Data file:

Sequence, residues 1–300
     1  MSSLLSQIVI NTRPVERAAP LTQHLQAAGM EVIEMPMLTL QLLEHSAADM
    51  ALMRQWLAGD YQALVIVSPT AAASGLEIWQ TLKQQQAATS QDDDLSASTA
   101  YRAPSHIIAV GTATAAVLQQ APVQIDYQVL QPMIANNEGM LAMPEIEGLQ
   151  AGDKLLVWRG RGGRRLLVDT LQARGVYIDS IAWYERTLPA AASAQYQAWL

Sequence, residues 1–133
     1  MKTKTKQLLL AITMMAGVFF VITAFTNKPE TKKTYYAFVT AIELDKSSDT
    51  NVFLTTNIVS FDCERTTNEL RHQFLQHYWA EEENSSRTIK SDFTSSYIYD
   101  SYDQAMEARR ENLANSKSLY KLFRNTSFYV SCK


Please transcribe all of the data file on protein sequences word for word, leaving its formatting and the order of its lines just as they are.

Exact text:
Sequence, residues 1–300
     1  MSSLLSQIVI NTRPVERAAP LTQHLQAAGM EVIEMPMLTL QLLEHSAADM
    51  ALMRQWLAGD YQALVIVSPT AAASGLEIWQ TLKQQQAATS QDDDLSASTA
   101  YRAPSHIIAV GTATAAVLQQ APVQIDYQVL QPMIANNEGM LAMPEIEGLQ
   151  AGDKLLVWRG RGGRRLLVDT LQARGVYIDS IAWYERTLPA AASAQYQAWL

Sequence, residues 1–133
     1  MKTKTKQLLL AITMMAGVFF VITAFTNKPE TKKTYYAFVT AIELDKSSDT
    51  NVFLTTNIVS FDCERTTNEL RHQFLQHYWA EEENSSRTIK SDFTSSYIYD
   101  SYDQAMEARR ENLANSKSLY KLFRNTSFYV SCK